The worst that could happen is that my prediction would prove false. But then you will have learnt that you would save money by buying in bulk and storing food. You might have learnt to plant a veggie garden, and received the culinary benefit of your own organically grown veggies. If you preserved some of your produce, you may have learnt a new skill, and finally, you would not have lost money to the banks in interest and bank charges. Your “money” would only appreciate in value, as food prices don’t come down… they only go up.  It not like storing something that you will never use.

11 thoughts on “The World Cup of Food prices

  1. Max says:

    Ha, they just announced that over 700 000 WC tickets are being retutrned to South Africa, so I suppose you now have a good back door excuse if prices don’t do up.

  2. nushEnuth says:

    The response level to national disaster is noble but it’s a real shame that so many people take advantage of the sad situations.

    I mean everytime there is an earthquake, a flood, an oil spill – there’s always a group of heartless people who rip off tax payers.

    This is in response to reading that 4 of Oprah Winfreys “angels” got busted ripping off the system. Shame on them!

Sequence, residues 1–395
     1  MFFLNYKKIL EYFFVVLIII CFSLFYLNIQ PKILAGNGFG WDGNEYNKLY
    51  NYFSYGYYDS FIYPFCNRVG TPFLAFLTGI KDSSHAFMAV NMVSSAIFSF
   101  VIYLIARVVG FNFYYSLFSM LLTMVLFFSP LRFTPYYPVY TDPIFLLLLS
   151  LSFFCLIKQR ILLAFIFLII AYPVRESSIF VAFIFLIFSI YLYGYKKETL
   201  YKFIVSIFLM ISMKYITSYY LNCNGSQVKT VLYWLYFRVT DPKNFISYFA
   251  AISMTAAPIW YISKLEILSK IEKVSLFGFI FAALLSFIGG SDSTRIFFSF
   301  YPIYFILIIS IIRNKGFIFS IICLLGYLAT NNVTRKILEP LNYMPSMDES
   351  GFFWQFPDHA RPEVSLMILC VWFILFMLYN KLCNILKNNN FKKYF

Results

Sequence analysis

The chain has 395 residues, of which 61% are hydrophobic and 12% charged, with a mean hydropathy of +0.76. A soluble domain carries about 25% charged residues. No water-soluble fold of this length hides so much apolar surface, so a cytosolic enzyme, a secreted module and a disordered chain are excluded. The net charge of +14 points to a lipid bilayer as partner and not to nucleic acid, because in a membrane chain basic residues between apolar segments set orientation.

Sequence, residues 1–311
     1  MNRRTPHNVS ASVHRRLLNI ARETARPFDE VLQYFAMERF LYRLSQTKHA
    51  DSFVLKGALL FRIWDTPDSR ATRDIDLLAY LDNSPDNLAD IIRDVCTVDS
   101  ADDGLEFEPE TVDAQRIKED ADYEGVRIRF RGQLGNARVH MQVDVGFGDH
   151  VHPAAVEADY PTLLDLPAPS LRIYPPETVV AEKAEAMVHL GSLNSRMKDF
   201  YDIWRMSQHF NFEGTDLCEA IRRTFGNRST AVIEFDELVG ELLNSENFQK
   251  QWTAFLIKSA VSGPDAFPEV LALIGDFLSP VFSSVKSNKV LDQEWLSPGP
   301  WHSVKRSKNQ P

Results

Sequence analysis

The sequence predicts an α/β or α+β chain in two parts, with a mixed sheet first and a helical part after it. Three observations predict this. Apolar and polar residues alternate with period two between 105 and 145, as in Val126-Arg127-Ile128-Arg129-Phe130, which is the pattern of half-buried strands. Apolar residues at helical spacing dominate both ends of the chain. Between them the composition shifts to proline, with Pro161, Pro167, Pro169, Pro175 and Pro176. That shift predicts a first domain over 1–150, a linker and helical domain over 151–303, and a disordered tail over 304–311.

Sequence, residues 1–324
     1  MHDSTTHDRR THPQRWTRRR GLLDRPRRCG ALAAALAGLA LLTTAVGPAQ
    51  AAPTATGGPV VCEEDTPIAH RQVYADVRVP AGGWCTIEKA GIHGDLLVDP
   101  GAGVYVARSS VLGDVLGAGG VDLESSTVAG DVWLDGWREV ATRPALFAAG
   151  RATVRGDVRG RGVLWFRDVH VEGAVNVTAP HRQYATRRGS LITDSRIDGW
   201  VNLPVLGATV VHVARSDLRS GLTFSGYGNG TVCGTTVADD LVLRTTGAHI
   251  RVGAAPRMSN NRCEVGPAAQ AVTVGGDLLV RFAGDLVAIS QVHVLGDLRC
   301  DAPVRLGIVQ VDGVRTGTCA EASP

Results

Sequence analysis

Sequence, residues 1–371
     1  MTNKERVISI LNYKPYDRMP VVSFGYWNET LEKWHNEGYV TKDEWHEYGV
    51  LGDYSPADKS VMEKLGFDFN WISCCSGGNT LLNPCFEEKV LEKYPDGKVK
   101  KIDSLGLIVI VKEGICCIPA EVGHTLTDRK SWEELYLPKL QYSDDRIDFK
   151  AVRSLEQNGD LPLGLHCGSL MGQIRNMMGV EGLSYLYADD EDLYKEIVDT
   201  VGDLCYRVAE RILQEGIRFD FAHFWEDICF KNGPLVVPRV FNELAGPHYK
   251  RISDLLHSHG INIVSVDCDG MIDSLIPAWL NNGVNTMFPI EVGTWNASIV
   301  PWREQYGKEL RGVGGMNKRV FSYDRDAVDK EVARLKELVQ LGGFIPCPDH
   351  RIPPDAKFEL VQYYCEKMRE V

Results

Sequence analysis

http://www.cbsnews.com/blogs/2009/08/19/crimesider/entry5251471.shtml

  3. Artwell Chivhinge says:

    Dear Sean

    I would like to commend you for that foresight. I agree with you and you are absolutely right about what is going to happen. My biggest concern is not about the 2010 Wold Cup alone but the household food insecurity in the urban, peri-urban and most of the rural areas.

    It pains me a lot to see how people struggle to buy the basic food stuffs and the dependence on the shops for everything that we eat. A lot of people have backyards, fields and open spaces where they can grow fresh food and supplement their income whilst at the same time improving their health and nutritional requirements. i will be gratified to see people being able to feed themselves. I come from a country where we grow our own maize, groundnuts, sunflowers, beans, cowpeas, peas, irish and sweet potatoes, cassava, sugarcane, millet, rapoko, sorghum, pumpkins, and different types of vegetables in the both rural and urban areas. In most cases what we buy from the shops is salt, soap and at times sugar if we did not stock enough honey from the beehives.

    The World Cup will be a wake up call but in long run we need to make a big stride in ensuring food security in South Africa. Few people can afford 3 nutritious meals a day and i wonder what the future holds for us. Let us change our situation!

  4. Mac says:

    Hi Sean,

    You are wrong – there is no other way to describe it. Your analytical skills are questionable – where, pray tell, did you get the figure of 200-500% for everything? That is ridiculous.

    You write well but i’m glad you’re not an economist. Costs may increase by a factor of 1.1 – 1.3%. That means you pay an extra 10c – 12c for a loaf of bread, hardly crippling!